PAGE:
Listening to Spaniards, what I sometimes hear is that they pronounce:

  • "exacto" as "esacto" o "ejsacto",
  • "fascinante" as "facinante",
  • "excepción" as "ecepción" (or "ekcepción", I don't really know).

Am I correct to hear that?

Is this way of pronouncing words correct? It really appeals to me, but I don't want to get corrected pronouncing words this way.

Is it a specific accent which has got these features?

Does it happen outside of Spain?

  • 1
    I've heard that many times in spoken Spanish, it's very common the intrusive j or "eh"(uh-ə-ɛ-ɪ) and not "es" in unstressed positions as in exacto->eh-sahk-taw, ehk-sahk-taw, ej-sahk-taw // excepción->eh-sep-syawn , ek-sep-syawn , ej-sep-syawn even between educated people.
    – cocteau
    Jul 23, 2021 at 2:31

1 Answer 1


Oh, the mess you've stumbled upon. Basically, you're right. There's a lot of people who say what you heard. And lots of other people who say it differently.

In theory, the "x" between vowels should sound as /ks/ (like the x in the English taxi) and, although it's a fact that many people just say "esacto", that's not the proper way.

In fact taxi being pronounced "tasi" can be seen as vulgar but is totally understandable and used.

About "fascinante", the "sc" is indeed mostly pronounced as "c" by everybody who uses the /z/ sound for the "c" and as "s" by the people who uses the /s/ sound for the "c" ("seseo"), and sometimes the /s/ sound wins even among those who don't do "seseo". The combination /sz/ tends to be seen as too complicated. But, again, the proper way is to do the /s/ sound followed by /z/ - I haven't heard (in the 15 years I've lived in Spain) anyone say it like that other than facetiously, except maybe on the daily news or similar.

Finally, "excepción" is a mix between the first case and the second, it's hard to do the whole /ksz/ sound so most people just do /kz/ (or /ks/ in the "seseo" zones). The full /ksz/ sound would be seen as facetious, but just reducing it to /z/ would be seen as vulgar/uneducated.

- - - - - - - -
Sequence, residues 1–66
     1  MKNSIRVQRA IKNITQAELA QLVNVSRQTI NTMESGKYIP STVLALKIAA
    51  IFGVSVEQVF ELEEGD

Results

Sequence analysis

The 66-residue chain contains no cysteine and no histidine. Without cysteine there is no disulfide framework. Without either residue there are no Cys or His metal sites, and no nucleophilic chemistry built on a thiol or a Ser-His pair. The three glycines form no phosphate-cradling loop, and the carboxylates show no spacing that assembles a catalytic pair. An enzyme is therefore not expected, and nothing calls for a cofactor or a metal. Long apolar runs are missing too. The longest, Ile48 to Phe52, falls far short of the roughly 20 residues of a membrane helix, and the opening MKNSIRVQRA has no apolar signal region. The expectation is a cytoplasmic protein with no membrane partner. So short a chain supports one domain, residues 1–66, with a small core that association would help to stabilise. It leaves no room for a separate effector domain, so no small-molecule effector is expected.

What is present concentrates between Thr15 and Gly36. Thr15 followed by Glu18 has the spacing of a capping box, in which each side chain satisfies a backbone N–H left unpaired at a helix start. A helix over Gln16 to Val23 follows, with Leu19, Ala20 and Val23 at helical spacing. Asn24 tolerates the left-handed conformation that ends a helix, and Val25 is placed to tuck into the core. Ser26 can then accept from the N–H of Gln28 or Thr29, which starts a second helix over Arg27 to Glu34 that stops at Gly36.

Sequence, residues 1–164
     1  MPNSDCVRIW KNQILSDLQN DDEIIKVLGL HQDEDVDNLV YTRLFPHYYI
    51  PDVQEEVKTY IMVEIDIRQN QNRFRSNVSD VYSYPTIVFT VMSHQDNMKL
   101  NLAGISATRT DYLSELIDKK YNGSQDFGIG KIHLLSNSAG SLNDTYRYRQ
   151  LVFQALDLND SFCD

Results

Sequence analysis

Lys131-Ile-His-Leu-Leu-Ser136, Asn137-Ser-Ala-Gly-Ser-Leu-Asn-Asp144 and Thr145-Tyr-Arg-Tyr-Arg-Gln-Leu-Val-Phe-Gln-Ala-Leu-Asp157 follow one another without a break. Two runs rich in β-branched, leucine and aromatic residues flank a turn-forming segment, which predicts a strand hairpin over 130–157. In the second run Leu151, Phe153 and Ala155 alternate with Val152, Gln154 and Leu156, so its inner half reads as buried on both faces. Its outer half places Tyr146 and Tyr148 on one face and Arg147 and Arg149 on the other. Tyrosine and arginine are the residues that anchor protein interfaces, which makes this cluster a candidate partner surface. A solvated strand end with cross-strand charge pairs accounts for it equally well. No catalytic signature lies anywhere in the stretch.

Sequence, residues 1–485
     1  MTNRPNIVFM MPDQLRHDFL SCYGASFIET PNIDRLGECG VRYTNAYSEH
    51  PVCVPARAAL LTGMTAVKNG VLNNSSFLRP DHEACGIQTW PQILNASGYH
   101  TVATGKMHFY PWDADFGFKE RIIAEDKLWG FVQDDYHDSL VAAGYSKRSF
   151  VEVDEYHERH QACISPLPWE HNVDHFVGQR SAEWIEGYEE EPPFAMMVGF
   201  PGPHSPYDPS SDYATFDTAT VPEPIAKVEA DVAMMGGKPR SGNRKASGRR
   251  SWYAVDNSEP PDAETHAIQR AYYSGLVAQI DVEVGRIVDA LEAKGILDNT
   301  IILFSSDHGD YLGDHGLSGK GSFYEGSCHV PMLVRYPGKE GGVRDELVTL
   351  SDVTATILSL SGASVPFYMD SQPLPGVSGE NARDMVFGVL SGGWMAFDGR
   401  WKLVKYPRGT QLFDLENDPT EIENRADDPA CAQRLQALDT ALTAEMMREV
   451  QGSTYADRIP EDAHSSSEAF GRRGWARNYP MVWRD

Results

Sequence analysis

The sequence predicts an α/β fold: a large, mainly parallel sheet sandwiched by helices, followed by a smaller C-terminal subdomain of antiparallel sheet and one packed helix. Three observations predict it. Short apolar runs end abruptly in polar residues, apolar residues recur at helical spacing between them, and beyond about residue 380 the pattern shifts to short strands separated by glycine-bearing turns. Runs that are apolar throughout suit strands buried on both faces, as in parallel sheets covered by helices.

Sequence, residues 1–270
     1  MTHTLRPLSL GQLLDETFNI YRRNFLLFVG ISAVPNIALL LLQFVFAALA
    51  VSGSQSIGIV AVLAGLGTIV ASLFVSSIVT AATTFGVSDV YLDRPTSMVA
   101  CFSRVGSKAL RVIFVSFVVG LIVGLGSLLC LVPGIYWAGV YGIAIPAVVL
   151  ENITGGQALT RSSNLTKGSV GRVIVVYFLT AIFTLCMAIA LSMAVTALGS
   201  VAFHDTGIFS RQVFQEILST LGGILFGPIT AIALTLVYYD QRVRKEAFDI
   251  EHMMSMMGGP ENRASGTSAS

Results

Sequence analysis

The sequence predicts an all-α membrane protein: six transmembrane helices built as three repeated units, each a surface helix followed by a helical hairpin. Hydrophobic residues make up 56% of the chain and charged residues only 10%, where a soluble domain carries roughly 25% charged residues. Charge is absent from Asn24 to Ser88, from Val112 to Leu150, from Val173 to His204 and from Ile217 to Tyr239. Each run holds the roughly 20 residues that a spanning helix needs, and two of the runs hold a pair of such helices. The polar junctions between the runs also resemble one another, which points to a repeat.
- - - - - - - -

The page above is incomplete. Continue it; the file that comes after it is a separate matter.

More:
And there's another school of using the /j/ sound for the "x" so you might even hear /jz/ or /js/ on "excepción" - especially near Madrid (they are famous for their j) - but the /j/ sound is not used for every "x", you will never hear "taji", for example. On the first link there's also an explanation about how and when "x" should sound as "j".

Strangely, the "taxi" to "tasi" and similar deformations just don't happen in the parts of Latin America I'm familiar with (Chile, Argentina, Perú, Bolivia, Costa Rica) where they do "seseo". The other two cases also apply on their "seseo" versions for these countries too.

  • If I were you, I would give concrete examples, with the "sounds like" x and then the IPA sound. Most learners can't just follow the phonemes.
    – Lambie
    Jul 23, 2021 at 22:53
  • I don't deem it worth it in this case as the phonemes in this case are self explanatory, and were the ones that the OP used in their examples.
    – user29577
    Jul 26, 2021 at 4:45
  • Generally, we ask for examples if potential posters ask for them.
    – Lambie
    Jul 26, 2021 at 13:34
  • The OP did not use phonemes.
    – Lambie
    Jul 27, 2021 at 17:05
  • Yes, they didn't use the IPA notation. But they said: "exacto" as "esacto" o "ejsacto", "fascinante" as "facinante", "excepción" as "ecepción" (or "ekcepción", I don't really know). I said: "fascinante", the "sc" is indeed mostly pronounced as "c" by everybody who uses the /z/ sound for the "c" and as "s" by the people who uses the /s/ sound for the "c" ("seseo") I personally find that explanation enough. Happy to explain more and amend the answer if there's an actual doubt about the answer. Also, if you have concrete suggestions for improvement, they are most welcome!
    – user29577
    Jul 27, 2021 at 19:26

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